A Cost-Effective Catalyst That Can Split Water to Produce Hydrogen

The technique can be used on metal-based electrocatalysts to achieve long-term catalyst stability

August 16, 2020


Researchers at the Centre for Nano and Soft Science (CeNS) claimed that they had created an efficient and cost-effective palladium-based catalyst that can be used for electrochemical splitting of water to produce hydrogen (H2) for its consumption as low carbon fuel.

The CeNS is an autonomous institute under the Department of Science and Technology (DST).

The coordination polymer (COP)-based catalyst contains metal ions linked by coordinated organic ligands into infinite arrays. It has been used widely to produce hydrogen through the electrochemical splitting of water, a process to decompose elements of water to produce hydrogen.  The catalyst is essentially a compound of partially reduced COP and reduced graphene oxide.

In their study, researchers said that the COP-based catalyst demonstrated very high durability for 70 hours at a high current density of 300 mA/cm2. The durability and cost of synthesis decide the effectiveness of the electrocatalyst for the hydrogen evolution reaction (HER). Researchers added that carbon and platinum are effective but expensive catalysts to produce hydrogen compared to newly developed durable, efficient, and cost-effective COP-based catalysts.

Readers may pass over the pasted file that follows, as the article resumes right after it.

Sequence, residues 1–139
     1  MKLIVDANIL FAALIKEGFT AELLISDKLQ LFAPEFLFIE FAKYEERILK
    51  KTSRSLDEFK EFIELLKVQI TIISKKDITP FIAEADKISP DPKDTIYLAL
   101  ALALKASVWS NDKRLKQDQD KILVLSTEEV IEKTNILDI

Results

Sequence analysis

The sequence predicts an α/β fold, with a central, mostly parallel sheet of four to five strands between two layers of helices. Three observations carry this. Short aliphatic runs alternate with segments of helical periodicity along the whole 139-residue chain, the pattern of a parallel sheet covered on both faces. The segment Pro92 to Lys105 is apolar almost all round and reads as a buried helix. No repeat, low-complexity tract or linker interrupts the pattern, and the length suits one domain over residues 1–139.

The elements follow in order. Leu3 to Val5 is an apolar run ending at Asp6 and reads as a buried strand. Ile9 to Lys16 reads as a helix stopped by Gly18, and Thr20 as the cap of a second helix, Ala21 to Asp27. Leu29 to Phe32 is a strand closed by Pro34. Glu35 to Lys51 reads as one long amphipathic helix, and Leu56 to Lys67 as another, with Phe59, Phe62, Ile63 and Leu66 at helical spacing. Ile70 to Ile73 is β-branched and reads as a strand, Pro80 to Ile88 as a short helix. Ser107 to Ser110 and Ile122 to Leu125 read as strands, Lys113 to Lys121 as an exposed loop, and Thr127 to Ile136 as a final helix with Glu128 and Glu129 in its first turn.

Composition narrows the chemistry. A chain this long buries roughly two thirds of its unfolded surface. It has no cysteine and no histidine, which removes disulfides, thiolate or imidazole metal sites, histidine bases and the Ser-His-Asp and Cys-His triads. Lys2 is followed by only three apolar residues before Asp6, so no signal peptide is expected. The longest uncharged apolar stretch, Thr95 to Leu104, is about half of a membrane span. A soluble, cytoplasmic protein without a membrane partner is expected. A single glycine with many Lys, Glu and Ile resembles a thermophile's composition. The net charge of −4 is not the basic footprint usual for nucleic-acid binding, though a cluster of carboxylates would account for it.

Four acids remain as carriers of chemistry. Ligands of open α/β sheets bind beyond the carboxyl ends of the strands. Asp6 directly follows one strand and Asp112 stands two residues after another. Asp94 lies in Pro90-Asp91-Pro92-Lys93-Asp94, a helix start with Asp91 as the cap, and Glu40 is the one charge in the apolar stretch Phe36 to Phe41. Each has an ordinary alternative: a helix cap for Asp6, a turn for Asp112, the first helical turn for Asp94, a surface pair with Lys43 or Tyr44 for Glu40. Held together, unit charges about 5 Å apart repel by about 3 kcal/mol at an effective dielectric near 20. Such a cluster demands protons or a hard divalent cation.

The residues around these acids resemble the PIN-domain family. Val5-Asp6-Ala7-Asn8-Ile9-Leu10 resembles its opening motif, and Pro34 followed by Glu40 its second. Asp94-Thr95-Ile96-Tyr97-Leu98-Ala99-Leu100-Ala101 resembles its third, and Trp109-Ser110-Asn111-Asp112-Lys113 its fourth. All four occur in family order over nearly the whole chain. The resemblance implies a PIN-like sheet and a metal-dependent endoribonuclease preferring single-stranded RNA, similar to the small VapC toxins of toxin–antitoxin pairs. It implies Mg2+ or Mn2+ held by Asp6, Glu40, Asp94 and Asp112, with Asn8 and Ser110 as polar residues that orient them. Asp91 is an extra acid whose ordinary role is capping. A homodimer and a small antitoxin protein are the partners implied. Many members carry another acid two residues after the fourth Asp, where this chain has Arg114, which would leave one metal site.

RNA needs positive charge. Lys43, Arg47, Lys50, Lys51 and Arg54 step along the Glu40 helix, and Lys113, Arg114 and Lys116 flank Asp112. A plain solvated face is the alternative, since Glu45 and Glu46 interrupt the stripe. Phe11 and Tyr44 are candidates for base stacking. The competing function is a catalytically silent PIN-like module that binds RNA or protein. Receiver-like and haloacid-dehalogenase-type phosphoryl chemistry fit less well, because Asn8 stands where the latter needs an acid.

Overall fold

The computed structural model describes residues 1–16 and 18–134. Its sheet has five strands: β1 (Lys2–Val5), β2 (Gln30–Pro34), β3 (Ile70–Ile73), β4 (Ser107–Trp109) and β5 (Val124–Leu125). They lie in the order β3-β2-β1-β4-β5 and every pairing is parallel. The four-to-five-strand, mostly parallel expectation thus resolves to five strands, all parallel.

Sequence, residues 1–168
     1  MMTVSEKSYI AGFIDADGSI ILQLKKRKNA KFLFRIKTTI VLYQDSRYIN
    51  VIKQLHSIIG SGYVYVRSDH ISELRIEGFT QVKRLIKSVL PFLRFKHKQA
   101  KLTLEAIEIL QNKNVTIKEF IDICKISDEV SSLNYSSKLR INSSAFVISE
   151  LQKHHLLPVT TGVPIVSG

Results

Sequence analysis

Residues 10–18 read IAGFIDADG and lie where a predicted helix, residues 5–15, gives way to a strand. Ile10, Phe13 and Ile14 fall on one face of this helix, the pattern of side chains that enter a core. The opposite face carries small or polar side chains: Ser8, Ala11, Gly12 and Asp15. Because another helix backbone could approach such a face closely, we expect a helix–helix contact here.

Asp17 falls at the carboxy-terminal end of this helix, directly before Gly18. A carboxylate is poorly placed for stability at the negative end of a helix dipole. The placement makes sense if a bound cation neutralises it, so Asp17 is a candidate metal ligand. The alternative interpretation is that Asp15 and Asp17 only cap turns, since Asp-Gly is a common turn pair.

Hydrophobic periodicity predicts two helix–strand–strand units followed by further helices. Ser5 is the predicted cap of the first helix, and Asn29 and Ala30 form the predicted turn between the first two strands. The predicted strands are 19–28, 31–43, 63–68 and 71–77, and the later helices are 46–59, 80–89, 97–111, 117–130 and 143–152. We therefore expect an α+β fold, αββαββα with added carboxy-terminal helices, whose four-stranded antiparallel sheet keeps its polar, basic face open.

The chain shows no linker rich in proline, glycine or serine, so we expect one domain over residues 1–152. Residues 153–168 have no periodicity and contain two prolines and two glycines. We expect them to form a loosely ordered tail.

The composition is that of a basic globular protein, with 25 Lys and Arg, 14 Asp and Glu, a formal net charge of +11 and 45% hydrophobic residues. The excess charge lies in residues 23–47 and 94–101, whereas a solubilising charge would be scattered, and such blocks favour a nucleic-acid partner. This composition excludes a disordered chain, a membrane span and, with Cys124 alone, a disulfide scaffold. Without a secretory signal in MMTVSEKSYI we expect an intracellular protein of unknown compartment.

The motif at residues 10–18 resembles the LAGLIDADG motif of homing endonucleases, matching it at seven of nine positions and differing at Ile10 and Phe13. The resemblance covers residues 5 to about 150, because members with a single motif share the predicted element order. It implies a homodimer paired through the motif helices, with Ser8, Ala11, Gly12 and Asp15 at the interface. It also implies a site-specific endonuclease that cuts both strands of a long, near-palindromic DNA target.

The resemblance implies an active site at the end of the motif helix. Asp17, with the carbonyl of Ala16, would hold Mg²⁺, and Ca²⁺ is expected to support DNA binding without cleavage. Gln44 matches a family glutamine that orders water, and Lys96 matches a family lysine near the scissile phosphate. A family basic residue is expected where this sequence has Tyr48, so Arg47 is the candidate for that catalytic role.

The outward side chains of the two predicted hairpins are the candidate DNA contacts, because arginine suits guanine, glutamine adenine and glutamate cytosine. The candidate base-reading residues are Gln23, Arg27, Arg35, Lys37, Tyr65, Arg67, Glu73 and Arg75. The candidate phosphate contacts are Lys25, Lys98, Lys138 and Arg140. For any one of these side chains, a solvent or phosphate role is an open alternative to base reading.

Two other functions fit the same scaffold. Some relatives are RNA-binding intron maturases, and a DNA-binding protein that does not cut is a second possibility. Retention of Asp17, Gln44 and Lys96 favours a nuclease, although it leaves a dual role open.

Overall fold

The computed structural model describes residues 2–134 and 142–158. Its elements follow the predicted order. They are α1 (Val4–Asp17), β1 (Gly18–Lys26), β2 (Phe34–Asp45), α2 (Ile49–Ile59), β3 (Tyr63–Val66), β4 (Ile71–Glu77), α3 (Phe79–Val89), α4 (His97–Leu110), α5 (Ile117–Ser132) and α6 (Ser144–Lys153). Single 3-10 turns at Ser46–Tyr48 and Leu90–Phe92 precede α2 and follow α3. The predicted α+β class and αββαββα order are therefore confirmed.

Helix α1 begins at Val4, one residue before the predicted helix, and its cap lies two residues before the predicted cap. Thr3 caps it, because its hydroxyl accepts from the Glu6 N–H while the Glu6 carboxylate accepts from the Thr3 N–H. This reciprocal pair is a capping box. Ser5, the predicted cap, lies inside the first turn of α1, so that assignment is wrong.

According to the research, the technique of organic ligand encapsulation of metal ions on conducting platform could be imitated for another metal-based electrocatalyst to achieve long-term catalytic stability.

“Developing efficient means of splitting water to produce hydrogen and obtaining the energy required for it from solar energy would be a significant part of the sustainable and green solutions for our energy needs,” said Professor Ashutosh Sharma, Secretary of Department of Science and Technology, Government of India.

In May 2020, Researchers at Rice University in the United States of America had created a low-cost device that can split water to produce hydrogen fuel.

Meanwhile, the Indian government is currently mulling a plan to invite bids for an innovative program that would involve generating solar power, which would then be used to generate hydrogen. The hydrogen produced would then power a city’s public transport. Union Power Minister R.K. Singh noted that the only requirement of the bid would be that the per kilometer cost of the transportation should be less than diesel-driven buses.

Image credit: EBRD

Harsh Shukla is a staff reporter at Mercom India. Previously with Indian Express, he has covered general interest stories. He holds a Masters Degree in Journalism from Symbiosis Institute of Media and Communication, Pune.

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